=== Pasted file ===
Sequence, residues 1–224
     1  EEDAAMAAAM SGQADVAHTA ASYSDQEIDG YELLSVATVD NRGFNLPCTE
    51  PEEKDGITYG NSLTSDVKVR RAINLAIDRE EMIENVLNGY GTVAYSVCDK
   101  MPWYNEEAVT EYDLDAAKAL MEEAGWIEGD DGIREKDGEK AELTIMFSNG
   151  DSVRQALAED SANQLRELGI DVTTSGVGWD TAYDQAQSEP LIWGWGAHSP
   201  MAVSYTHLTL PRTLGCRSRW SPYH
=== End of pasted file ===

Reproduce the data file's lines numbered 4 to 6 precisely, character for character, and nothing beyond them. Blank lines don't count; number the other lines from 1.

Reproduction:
   101  MPWYNEEAVT EYDLDAAKAL MEEAGWIEGD DGIREKDGEK AELTIMFSNG
   151  DSVRQALAED SANQLRELGI DVTTSGVGWD TAYDQAQSEP LIWGWGAHSP
   201  MAVSYTHLTL PRTLGCRSRW SPYH